The key player in this annual political theater is FOX News, and specifically their most popular host Bill O’Reilly. In a stunning display of just how imbalanced Fox’s priorities are, a new report from Media Matters reveals the extent of the FOX obsession with the alleged “War on Christmas.” So far this month, O’Reilly has spent nearly three times as much air time talking about the “War on Christmas” than he has talking about either of the two actual wars in Iraq and Afghanistan.
Media Matters explains that this discrepancy comes even after giving O’Reilly a generous metric:
We used a very broad definition of what constituted Iraq/Afghanistan coverage. Mentions of charities benefiting troops were counted as well as passing references to either war. The longest segment counted towards O’Reilly’s actual war coverage was a report on employees at a defense contractor that manufactures equipment for troops overseas being caught smoking pot and drinking alcohol on their lunch break.
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On Sunday, the last convoy of U.S. combat troops exited Iraq, ending our nation’s 8-year war in that country. The human consequences of this misguided, unnecessary conflict are staggering – over 100,000 Iraqis and nearly 4,500 American service members killed, millions of Iraqis displaced from their homes, and hundreds of thousands of civilians and soldiers suffering psychological and physical injury.
The Bush administration, hawkish Congressional leaders in both parties and the news media face the harsh judgment of history for telling the world that Iraq constituted a just cause, a grave threat, and an easy win – none of which were true. At the onset of the invasion, more than 70 percent of Americans believed Saddam Hussein was personally involved in the September 11th plot. That was no accident. It was the fruit of one of the most effective propaganda campaigns in American history.
Pleas for caution and peace from the faith community fell on deaf ears in Washington during the run-up to the invasion. And unfortunately, many religious leaders either remained silent or helped build the drumbeat for war. Prominent conservative Christian thinkers such as Chuck Colson and George Weigel, along with numerous influential pastors, all spoke in support of military action. One month after the war began, 87 percent of white evangelicals approved of the decision to invade Iraq. Even in 2006, when sectarian bloodshed and U.S. casualties spiraled out of control, only a minority of weekly church attenders said the war was a mistake.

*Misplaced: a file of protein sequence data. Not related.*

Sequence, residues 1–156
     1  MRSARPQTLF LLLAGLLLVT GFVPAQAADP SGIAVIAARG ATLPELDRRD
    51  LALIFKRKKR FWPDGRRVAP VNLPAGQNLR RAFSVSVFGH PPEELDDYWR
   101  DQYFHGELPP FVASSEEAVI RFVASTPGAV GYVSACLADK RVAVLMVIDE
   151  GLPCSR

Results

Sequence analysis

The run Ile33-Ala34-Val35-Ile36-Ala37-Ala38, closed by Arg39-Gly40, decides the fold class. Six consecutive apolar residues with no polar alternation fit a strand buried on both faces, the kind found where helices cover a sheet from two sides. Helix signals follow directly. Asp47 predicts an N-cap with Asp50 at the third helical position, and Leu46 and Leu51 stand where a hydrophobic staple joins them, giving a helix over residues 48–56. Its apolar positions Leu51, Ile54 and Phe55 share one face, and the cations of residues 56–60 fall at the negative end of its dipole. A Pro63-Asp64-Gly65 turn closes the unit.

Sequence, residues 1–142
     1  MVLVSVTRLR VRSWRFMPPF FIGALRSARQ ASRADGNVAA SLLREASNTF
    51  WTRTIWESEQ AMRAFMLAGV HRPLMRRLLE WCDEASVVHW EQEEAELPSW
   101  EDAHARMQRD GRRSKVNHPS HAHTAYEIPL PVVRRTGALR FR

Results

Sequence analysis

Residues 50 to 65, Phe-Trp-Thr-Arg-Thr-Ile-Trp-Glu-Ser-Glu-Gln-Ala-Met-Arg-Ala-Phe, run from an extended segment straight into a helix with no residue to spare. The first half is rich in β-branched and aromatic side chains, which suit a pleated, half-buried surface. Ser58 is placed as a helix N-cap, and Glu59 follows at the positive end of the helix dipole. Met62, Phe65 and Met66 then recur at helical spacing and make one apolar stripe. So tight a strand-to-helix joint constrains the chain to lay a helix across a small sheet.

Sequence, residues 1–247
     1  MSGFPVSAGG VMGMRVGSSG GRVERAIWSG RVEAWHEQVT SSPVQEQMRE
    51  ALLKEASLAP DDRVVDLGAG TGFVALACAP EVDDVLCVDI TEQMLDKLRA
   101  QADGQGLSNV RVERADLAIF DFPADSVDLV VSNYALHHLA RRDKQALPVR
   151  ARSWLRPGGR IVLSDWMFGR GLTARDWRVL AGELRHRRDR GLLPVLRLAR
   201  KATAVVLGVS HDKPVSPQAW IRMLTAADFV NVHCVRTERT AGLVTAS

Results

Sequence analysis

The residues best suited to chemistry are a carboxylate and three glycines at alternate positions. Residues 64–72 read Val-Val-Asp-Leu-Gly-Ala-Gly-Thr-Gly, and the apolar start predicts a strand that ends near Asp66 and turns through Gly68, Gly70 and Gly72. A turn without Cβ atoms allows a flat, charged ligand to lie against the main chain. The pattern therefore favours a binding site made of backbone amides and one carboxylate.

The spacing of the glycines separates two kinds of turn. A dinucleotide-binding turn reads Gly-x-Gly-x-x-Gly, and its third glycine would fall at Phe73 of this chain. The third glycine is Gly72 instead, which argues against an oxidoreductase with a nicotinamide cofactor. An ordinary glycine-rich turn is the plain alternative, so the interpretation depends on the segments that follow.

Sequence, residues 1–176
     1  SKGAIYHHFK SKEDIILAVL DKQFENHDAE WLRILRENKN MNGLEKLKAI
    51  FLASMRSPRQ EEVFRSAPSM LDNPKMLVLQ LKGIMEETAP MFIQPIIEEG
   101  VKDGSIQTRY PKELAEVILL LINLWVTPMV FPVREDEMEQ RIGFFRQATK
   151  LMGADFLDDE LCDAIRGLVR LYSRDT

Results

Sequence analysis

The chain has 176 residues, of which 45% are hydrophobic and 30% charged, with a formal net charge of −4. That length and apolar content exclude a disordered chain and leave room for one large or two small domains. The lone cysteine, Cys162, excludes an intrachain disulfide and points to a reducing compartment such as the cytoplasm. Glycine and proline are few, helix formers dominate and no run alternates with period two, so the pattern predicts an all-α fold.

The abuses and torture at Abu Ghraib prison shocked the nation’s conscience and provided a terrifying testament to the evil that war unleashes. The images of the victims and torturers outraged the faith community. Faithful America and the National Religious Campaign Against Torture, which brought together ideologically and theologically diverse faith leaders, were founded in the aftermath of Abu Ghraib and raised a powerful witness against human rights abuses.
As America’s post-Iraq War era begins, we have an obligation not only to support innocent civilian victims and care for our veterans (who face unemployment, post-traumatic stress and numerous other challenges), but also to learn from our mistakes and reexamine our attitudes toward war. Although our government bears most of the blame, citizens of the most powerful nation in the world have a responsibility to approach war with great reluctance and skepticism, not eagerness and credulity. Clergy have a special obligation to ensure that we learn this lesson.